# Definition of tensors - abstract and concrete

#### hunt_mat

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I am well aware of an abstract definition of a general tensor as a map:
$$\mathbf{T}:\overbrace{V\times\cdots\times V}^{n}\times\underbrace{V^{\star}\times \cdots\times V^{\star}}_{m}\longrightarrow\mathbb{R}$$
I am happy with this definition, it makes a lot of sense to me. However, the physics definition is that of transformations between co-ordinates of the coefficients of the tensor. I can't quite figure out how these two definitions match up.

Any suggestions?

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#### ShayanJ

Gold Member
Consider two bases $e_a$ and $e'_a$ related by the transformation $e'_a=P^b_{\ a} e_b$ and $e'^a=(P^{-1})^a_{\ b}e^b$.
The components of a type (k,l) tensor in the primed coordinates are given by $T'^{c_1...c_k}_{d_1..d_l}=T(e'^{c_1},...,e'^{c_k},e'_{d_1},...,e'_{d_l})$. Now if you substitute the transformations in the arguments and use the multi-linearity of T to take $P$ and $P^{-1}$ outside, you get the transformation of T.

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#### Fredrik

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In differential geometry, that vector space V is the tangent space at some point p in a manifold M. It's usually denoted by $T_pM$. If $x:U\to\mathbb R^n$ is a coordinate system such that $p\in U$, then the n-tuple $\big(\frac{\partial}{\partial x^1}\big|_p,\dots,\frac{\partial}{\partial x^n}\big|_p\big)$ is an ordered basis for $T_pM$. The components of this n-tuple are defined by
$$\frac{\partial}{\partial x^i}\bigg|_p f=(f\circ x^{-1})_{,i}(x(p))$$ for all $i\in\{1,\dots,n\}$ and all smooth $f:M\to\mathbb R$. (I'm using the notation $g_{,i}$ for the $i$th partial derivative of a function $g$).

The dual space of $T_pM$ is called the cotangent space of M at p. I'll denote it by $T_pM^*$. The ordered basis for $T_pM^*$ that's dual to $\big(\frac{\partial}{\partial x^1}\big|_p,\dots,\frac{\partial}{\partial x^n}\big|_p\big)$ is $\big(\mathrm dx^1|_p,\dots,\mathrm dx^n|_p\big)$. The $x^i$ are the component functions of $x$, i.e. for each $i\in\{1,\dots,n\}$, $x^i$ is the map that takes a point $q$ in $U$ to the $i$th component of the n-tuple $x(q)$. The $\mathrm d$ notation is defined by
$$\mathrm df(v)=v(f)$$ for all smooth $f:M\to\mathbb R$ and all $v\in T_pM$.

A change of coordinate system $x\to y$ induces a change of the ordered basis and its dual:
\begin{align*}
\left(\frac{\partial}{\partial x^1}\bigg|_p,\dots,\frac{\partial}{\partial x^n}\bigg|_p\right) &\to \left(\frac{\partial}{\partial y^1}\bigg|_p,\dots,\frac{\partial}{\partial y^n}\bigg|_p\right)\\
\left(\mathrm dx^1|_p,\dots,\mathrm dx^n|_p\right) &\to \left(\mathrm dy^1|_p,\dots,\mathrm dy^n|_p\right).
\end{align*} Because of this, the coordinate change also induces a change of the components of a tensor. For example, the induced change of the ${}^i{}_{jk}$ component of a tensor $T:T_pM^*\times T_pM\times T_pM\to\mathbb R$ is
$$T\left(\mathrm dx^i|_p,\frac{\partial}{\partial x^j}\bigg|_p, \frac{\partial}{\partial x^k}\bigg|_p\right)\to T\left(\mathrm dy^i|_p,\frac{\partial}{\partial y^j}\bigg|_p, \frac{\partial}{\partial y^k}\bigg|_p\right).$$ It's not too hard to show that the relationship between the right-hand side and the left-hand side is given by the "tensor transformation law".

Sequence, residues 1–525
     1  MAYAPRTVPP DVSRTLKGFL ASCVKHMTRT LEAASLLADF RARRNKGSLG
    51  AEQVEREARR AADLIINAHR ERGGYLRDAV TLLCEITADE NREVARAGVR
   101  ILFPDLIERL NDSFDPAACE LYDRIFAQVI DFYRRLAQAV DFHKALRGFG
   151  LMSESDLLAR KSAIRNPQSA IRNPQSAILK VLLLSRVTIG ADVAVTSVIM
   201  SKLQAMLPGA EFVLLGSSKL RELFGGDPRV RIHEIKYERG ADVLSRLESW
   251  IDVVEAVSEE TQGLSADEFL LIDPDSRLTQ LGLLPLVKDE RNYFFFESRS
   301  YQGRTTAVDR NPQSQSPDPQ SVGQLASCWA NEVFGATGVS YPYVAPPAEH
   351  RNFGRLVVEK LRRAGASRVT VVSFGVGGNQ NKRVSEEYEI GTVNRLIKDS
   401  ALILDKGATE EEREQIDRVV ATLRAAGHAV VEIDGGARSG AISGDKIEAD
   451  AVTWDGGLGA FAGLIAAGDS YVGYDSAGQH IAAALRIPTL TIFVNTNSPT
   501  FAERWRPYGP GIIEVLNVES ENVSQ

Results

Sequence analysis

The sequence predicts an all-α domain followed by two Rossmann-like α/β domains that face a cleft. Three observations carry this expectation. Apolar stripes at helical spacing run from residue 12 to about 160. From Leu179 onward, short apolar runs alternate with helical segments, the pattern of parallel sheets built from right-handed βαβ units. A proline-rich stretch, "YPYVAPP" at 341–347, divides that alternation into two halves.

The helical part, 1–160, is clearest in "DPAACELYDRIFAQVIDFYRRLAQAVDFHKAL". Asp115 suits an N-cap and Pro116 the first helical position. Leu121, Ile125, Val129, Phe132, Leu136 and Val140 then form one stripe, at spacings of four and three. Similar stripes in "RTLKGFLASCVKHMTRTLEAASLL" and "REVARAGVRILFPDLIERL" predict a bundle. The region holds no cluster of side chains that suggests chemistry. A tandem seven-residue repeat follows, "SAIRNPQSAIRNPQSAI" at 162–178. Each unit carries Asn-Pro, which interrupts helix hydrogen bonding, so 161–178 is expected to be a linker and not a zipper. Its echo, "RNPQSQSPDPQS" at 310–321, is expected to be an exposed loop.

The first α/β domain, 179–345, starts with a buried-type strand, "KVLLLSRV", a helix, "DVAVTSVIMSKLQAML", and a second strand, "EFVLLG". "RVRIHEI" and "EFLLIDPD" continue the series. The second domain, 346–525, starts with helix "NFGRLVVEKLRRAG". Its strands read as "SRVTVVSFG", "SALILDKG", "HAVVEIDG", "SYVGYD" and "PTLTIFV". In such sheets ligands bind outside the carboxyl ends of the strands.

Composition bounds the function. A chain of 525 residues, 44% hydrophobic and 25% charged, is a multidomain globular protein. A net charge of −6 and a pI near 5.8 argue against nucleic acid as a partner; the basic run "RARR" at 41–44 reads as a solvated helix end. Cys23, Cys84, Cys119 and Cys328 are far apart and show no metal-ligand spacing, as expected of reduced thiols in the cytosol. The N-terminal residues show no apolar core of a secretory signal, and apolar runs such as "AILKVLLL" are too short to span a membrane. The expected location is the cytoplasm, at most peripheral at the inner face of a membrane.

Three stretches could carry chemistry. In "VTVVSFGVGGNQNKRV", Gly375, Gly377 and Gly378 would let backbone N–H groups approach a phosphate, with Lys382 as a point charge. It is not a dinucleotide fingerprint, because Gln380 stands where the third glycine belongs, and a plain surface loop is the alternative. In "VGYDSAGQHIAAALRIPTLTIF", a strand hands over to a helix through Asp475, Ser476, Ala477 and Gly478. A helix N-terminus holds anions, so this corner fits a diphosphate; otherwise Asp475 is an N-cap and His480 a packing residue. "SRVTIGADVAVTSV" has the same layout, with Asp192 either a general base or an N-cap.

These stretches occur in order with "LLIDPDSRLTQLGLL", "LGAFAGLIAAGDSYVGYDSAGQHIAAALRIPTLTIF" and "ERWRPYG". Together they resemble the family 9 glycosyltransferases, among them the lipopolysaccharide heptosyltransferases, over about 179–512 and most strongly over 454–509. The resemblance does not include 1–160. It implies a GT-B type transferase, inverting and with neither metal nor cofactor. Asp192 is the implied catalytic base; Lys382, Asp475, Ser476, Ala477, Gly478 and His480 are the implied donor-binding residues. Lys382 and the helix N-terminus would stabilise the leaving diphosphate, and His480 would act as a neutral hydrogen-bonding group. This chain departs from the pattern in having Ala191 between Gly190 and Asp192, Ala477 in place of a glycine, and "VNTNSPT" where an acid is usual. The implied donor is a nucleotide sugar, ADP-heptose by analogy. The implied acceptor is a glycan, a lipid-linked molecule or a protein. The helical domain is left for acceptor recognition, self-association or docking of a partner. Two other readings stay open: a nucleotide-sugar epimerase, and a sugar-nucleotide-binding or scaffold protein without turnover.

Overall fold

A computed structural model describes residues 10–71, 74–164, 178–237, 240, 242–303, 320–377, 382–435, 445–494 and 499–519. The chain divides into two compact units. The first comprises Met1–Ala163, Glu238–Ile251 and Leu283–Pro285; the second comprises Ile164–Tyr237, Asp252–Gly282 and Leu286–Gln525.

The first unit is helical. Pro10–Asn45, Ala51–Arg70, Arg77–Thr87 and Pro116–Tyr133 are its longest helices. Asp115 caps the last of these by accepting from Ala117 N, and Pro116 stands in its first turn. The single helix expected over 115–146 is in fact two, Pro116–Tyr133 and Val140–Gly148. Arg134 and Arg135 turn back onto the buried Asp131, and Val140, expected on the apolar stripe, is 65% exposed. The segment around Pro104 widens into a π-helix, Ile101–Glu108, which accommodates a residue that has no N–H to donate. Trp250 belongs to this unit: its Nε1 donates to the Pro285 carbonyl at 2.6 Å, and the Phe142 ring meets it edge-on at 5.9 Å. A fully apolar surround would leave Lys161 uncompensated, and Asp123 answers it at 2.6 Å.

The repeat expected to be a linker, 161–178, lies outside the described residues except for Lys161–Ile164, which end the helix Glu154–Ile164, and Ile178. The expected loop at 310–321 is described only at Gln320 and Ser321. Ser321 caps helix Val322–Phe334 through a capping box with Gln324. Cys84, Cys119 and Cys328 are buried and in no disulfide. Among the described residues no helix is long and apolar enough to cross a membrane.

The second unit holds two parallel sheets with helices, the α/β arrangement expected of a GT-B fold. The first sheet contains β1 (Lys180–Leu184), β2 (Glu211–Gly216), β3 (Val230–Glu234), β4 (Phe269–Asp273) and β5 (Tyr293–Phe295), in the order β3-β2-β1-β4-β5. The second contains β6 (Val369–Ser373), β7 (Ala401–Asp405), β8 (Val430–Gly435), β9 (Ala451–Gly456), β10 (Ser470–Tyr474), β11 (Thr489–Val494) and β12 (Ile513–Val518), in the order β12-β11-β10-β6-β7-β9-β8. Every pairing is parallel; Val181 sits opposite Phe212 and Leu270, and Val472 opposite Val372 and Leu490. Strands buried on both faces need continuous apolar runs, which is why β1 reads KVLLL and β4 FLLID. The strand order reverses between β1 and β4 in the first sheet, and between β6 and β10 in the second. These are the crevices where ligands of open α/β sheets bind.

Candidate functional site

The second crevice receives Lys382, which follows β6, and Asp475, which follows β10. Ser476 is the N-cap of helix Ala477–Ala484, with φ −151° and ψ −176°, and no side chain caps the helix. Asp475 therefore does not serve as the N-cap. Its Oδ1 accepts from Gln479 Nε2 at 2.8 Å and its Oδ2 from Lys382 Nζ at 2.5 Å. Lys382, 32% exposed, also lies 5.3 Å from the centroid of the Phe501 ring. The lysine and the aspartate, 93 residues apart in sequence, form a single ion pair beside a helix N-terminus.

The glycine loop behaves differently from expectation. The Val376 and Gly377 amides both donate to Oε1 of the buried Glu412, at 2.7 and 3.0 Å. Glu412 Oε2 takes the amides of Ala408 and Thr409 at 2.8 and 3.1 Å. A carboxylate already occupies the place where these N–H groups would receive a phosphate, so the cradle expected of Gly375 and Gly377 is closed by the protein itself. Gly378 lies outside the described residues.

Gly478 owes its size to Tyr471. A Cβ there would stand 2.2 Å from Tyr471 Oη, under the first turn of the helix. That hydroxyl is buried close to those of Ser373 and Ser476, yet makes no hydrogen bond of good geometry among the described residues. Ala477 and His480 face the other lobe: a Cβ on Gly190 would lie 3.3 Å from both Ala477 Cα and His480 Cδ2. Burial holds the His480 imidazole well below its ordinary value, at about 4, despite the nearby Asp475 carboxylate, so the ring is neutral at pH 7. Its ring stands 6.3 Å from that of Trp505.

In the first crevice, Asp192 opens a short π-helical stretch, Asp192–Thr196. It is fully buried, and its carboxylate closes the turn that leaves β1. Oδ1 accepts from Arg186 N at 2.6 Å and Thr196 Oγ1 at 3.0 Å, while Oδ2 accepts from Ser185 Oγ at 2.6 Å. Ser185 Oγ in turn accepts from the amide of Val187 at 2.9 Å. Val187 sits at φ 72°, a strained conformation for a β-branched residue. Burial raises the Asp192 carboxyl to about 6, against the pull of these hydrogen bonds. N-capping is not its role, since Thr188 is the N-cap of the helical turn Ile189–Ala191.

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• atyy and WWGD

#### Dr. Courtney

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A Tensor is a mathematical object that obeys the tensor transformation laws.

Definitions that use formulas are expressing the tensor transformation laws in a given notation.

#### FactChecker

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The physics definition of a tensor emphasizes that the tensor has the same meaning, regardless of what coordinate system and units are used. We know that forces, motion, etc exist even if no one has specified a coordinate system. In the physics definition, if two different coordinate systems are used to measure/define the same tensor, the measurements must be related in the correct way. So the tensor is really an equivalence class of all the possible ways of measuring the same physical entity in different coordinate systems and units. In that sense, the physics definition is a coordinate system agnostic definition.

The abstract definition of tensor is also a coordinate system agnostic definition. It only talks about mappings from a vector space, without mentioning a coordinate system or units in the vector spaces at all. So the abstract definition can be applied to physical entities like forces, motion, density, etc. that exist and are the same regardless of the coordinate system used to measure/define them. In that way, the abstract definition gives a simple coordinate system agnostic definition by avoiding any reference to coordinate systems, but it is also more difficult to appreciate what it is about.

In physics, things get measured in coordinate systems. In abstract math, they can just exist.

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